As I noted a few weeks ago, getting an upgrade from coach to business or first class is often difficult, often expensive, and almost always confusing. This follow-up report was prompted by a question from a reader that started out, very simply, this way: "I don't understand how upgrades work." And that's all we really need to get started.
When domestic first class generally costs roughly triple the price of coach, and international business class generally costs eight to 20 times the price of economy, many of you probably say, "I'll stick with the rear cabin, thank you." If you have to pay the difference yourself, chances are you'll agree, and remain with the cattle car.
Almost everyone who pays the asking price for a first- or business-class ticket has that ticket largely or fully paid for by someone else—an employer, directly, or the U.S. government through a tax deduction. Sure, a few well-heeled personal travelers buy at the top, but for most of us, finagling an upgrade is the only way we ever get a seat in the front cabin.
The reason we finagle is simple: Flying in coach/economy for more than an hour or so is a miserable experience. Seats are far too small to accommodate us comfortably and the cabin service is, at best, underwhelming. Only one or two airlines, worldwide, offer coach/economy seats anyone in his/her right mind would describe as "comfortable" or even "adequate." But most of those same people can't justify the regular fare differences. So we finagle—with money, frequent flyer status, or both—sometimes with an assured seat, sometimes as a gamble. Here are the options.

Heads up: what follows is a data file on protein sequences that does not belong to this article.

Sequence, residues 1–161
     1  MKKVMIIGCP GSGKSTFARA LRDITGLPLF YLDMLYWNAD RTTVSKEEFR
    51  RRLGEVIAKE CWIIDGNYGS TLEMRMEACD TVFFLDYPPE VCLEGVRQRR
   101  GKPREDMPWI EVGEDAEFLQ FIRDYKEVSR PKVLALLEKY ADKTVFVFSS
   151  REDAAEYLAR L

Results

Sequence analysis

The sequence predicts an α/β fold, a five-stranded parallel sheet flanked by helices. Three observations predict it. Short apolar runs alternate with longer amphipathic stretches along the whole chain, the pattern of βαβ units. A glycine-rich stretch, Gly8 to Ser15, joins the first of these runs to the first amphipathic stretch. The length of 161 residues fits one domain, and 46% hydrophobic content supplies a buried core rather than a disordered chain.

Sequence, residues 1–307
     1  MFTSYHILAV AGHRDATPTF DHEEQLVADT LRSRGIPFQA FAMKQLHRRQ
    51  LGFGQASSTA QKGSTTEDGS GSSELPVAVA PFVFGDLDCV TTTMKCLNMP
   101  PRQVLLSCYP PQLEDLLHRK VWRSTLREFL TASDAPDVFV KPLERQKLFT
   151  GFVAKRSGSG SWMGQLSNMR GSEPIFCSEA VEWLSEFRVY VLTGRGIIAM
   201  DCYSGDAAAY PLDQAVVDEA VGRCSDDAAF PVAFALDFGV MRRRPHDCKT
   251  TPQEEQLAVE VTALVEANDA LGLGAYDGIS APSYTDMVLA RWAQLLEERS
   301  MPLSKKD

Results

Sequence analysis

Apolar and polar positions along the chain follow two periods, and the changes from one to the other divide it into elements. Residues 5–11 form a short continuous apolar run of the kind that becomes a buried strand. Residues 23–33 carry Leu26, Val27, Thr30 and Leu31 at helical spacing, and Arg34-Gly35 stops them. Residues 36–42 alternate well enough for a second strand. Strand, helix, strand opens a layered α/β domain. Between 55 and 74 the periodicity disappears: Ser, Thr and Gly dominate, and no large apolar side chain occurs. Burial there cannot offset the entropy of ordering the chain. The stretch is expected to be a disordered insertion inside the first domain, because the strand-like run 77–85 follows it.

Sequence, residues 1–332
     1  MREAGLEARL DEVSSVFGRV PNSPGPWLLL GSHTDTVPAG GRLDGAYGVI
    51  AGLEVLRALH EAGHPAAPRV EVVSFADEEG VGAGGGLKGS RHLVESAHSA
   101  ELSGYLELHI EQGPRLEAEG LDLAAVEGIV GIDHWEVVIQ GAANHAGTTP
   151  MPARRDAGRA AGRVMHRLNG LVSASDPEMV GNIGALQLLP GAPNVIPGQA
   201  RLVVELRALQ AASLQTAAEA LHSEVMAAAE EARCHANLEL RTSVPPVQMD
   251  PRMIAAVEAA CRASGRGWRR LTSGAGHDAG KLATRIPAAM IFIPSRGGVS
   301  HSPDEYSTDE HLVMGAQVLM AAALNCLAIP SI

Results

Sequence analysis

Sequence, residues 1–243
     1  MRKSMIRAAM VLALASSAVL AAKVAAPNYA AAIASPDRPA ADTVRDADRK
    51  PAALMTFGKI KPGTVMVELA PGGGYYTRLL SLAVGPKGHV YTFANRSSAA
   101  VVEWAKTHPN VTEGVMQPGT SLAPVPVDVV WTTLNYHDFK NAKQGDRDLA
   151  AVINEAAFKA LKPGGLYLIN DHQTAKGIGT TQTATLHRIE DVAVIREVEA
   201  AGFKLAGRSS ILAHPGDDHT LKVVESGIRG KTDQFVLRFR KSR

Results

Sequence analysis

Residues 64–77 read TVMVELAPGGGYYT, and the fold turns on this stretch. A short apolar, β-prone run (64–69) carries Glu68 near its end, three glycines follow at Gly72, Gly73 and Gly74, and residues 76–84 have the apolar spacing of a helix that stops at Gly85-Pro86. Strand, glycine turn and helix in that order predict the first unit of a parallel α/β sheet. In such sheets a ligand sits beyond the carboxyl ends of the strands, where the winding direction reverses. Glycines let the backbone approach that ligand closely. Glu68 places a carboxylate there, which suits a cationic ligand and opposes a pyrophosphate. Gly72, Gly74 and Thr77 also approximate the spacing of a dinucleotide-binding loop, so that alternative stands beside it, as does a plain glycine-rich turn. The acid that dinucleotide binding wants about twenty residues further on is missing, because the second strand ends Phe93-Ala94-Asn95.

Buying your way up: The sure thing
You can sometimes buy your way into business or first class, with a confirmed seat, for much less than the posted fare difference:
- You can often buy international business class at around 50 percent of the full-fare price. Some discount agencies regularly sell those tickets. The big transatlantic airlines sometimes offer their own business-class sales. The AmEx Platinum card offers twofers in business class on a bunch of international lines, and Diners Club Carte Blanche offers twofers on British Airways on premium economy and business class tickets. Even at half price, however, an international business-class ticket generally costs several times the price of a seat in the cattle car.
- A few startup lines offer transatlantic business class for much less than their giant competitors. The best current deal is Maxjet, which sells some of its business-class seats to London for as little as $699 (plus taxes and fees) each way from New York or Las Vegas, or $499 from Washington. That's not much more than double what you'd have to pay for economy. Eos, L'Avion, and Silverjet offer similar service but at somewhat higher prices.
- Some small domestic lines sell business or first class for less then the legacy lines. Among them: Spirit and Sun Country, but those fares are still much higher than those lines' lowest coach fares.
- Some domestic lines offer a special coach fare that provides an immediate, confirmed upgrade. US Airways calls it "Y-up." Other lines have different names. Although the upgrade is "free," the base coach fare is at or close to the top of the coach price range, so the net result is that you still pay double or more. It's a good deal only if circumstances force you into an expensive coach ticket, anyhow.
Buying your way up: Maybe
When you can't get a confirmed upgraded seat at a decent price, you can sometimes play "rostrum roulette" with low-cost standby upgrades: